NEW YORK CITY: Bloch's Macbeth
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In Review > North America


Manhattan School of Music Opera Theater

In Review MSM Macbeth lg 315
Natale and Mellon, stars of Bloch’s Macbeth at MSM
© Carol Rosegg 2015

Ernest Bloch’s Macbeth,based closely on Shakespeare’s play, is a neglected opera, first produced in Paris in 1910 and not seen in the U.S. until 1957 (in English translation). This past December, its original French-language version received its belated U.S. premiere in a dynamic production at the Manhattan School of Music (seen Dec. 14, the third and final performance of the run) that made a strong case for the work.

It’s obvious from the first bars of the prelude that Bloch is a natural opera composer, able to conjure atmosphere instantly. He promptly proves that he can maintain suspense and build action in compelling steps. His librettist, Edmond Fleg, serves those storytelling skills with a text that follows and sagely compresses Shakespeare’s plot, while retaining echoes of the famous soliloquies (“Is this a dagger that I see before me?” or “Out, out, brief candle”). But despite those key phrases and an impressive use of the orchestra that shows the influence of both Wagner and Debussy, Bloch and Fleg are more concerned with action than with poetry.

In Bloch’s case, fidelity to Shakespeare can seem confining. Verdi’s more freewheeling Macbeth, in contrast, subjects Shakespeare’s plot to a rich vocal display that provides a counterpart to the Elizabethan verbal pyrotechnics. In Bloch’s opera, the hero’s musical language is severe and far more explosive than lyrical. The dominant discursive style, indebted to Pelléas et Mélisande,eschews repeated patterns and quotable arias, placing a premium on dramatic inflection and projection of text. Bloch’s Macbeths — unlike their counterparts in Verdi — hasten to their doom, with little opportunity to anticipate or enjoy their ill-gotten success, or even to mourn it. In his spare treatment of their lines, Bloch seems eager to stay close to speech, to make his music a lens without refraction or coloring of its own.

The performance had ideal vitality under conductor Laurent Pillot, who clearly relished the orchestra’s important role and unleashed riveting accelerandos at critical moments. Michael V. Moore’s modest unit set, relieved by touches of color in the banquet scene and by Daniel James Cole’s attractive Renaissance costumes, was appropriate and never distracting. 

The large cast met vocal challenges well but needed more French coaching to give the original version of the opera its due. Baritone Robert Mellon, an MSM alumnus, was vocally and dramatically intense in the long, arduous title role, if somewhat short on nuance. His tortured portrayal, with ringing outcries, emphasized subservience to Lady Macbeth. With the compelling Maria Natale as his wife, that uxoriousness was absolutely convincing, especially its clearly demonstrated erotic basis. Natale ruled the stage in her comparatively brief appearances, including the opera’s parsimonious sleepwalking scene, thanks to radiant stage presence, merciless dramatic focus and, at one rare moment, high-voltage vocal thrills in the top register.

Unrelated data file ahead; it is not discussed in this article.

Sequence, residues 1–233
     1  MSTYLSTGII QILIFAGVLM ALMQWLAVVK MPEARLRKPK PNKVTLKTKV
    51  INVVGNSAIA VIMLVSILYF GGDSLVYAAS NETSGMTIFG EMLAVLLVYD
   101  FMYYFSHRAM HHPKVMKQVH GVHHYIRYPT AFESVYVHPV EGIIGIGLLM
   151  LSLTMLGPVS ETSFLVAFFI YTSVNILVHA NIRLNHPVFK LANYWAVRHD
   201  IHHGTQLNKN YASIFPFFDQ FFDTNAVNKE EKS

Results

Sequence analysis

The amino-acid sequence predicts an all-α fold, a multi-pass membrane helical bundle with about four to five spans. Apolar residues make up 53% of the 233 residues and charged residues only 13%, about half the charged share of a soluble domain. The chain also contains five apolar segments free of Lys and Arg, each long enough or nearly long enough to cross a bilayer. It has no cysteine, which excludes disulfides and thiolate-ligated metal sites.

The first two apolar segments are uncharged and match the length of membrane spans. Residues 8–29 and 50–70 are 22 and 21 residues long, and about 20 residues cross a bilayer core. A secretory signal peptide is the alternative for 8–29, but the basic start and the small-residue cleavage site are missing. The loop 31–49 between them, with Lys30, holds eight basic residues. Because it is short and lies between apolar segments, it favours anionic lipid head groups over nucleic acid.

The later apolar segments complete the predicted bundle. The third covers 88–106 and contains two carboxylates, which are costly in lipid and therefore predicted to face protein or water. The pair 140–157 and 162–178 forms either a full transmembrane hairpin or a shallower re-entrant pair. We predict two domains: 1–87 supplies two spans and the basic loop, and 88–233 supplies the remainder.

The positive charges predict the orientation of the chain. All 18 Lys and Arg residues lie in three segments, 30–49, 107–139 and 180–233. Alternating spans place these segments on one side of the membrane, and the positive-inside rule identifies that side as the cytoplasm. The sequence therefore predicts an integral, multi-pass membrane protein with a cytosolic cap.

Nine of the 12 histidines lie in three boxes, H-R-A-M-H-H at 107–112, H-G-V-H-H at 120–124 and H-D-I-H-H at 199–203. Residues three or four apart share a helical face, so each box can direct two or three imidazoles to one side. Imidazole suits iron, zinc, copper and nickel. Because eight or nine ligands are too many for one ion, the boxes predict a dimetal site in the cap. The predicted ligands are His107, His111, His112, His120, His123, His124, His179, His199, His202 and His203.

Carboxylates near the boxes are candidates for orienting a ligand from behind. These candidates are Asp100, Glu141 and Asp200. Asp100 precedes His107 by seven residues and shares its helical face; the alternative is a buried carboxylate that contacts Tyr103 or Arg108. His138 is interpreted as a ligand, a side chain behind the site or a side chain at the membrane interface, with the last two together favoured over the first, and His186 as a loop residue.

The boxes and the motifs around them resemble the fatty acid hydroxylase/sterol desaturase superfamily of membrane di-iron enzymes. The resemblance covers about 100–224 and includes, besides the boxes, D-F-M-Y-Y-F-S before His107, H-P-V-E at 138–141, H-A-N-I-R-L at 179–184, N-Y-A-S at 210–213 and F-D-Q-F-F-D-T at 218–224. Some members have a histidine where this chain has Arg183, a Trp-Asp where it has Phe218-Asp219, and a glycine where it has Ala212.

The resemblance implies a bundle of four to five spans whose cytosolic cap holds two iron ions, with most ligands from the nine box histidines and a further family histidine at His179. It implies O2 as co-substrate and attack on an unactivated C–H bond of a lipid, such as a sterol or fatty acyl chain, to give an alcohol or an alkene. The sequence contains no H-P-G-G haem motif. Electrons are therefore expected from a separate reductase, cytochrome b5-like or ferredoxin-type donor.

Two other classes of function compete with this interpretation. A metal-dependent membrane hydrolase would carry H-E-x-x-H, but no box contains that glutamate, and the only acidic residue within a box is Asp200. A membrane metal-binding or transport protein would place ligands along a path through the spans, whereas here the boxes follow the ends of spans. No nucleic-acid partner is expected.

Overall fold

This is an opera that looks on paper, and sounds on recordings, a lot like a vehicle for the baritone in the title role. Seen onstage — especially at MSM — the work proves an effective ensemble piece and in fact something of a star turn for the chorus. The crowd scenes that conclude Acts I and III had the kind of chilling impact we’ve come to associate with choral outbursts in Peter Grimes or Boris Godunov, thanks in part to director Dona D. Vaughn’s staging and the clear contrapuntal textures maintained by conductor Pillot. The aural clash at the end between Macbeth’s forces and the invading army gave the performance a vivid climax, rather than the rushed, pat impression left by recordings.

Another surprise here was the success of the opera’s secondary characterizations. Even in the briefest roles, splendid moments were provided by Elliott Page (as Duncan), Tobias Klassen (the Porter), Brittany Nickell (Lady Macduff) and Jordan Rutter (Macduff’s son). In somewhat more significant roles, James Ludlum excelled as Banquo, Xiaomeng Zhang as Macduff, while the trio of witches — Catherine Swindle, Lisa Barone and Niru Liu — were a marvel. Vaughn’s staging extended the ladies’ brief hour upon the stage with some mute business, abetted by John Heginbotham’s choreography. Bloch lavishes incidental charms on all these figures, offsetting the sobriety with which he treats the Macbeths and adding layers of expressivity to this dark tragedy. spacer 


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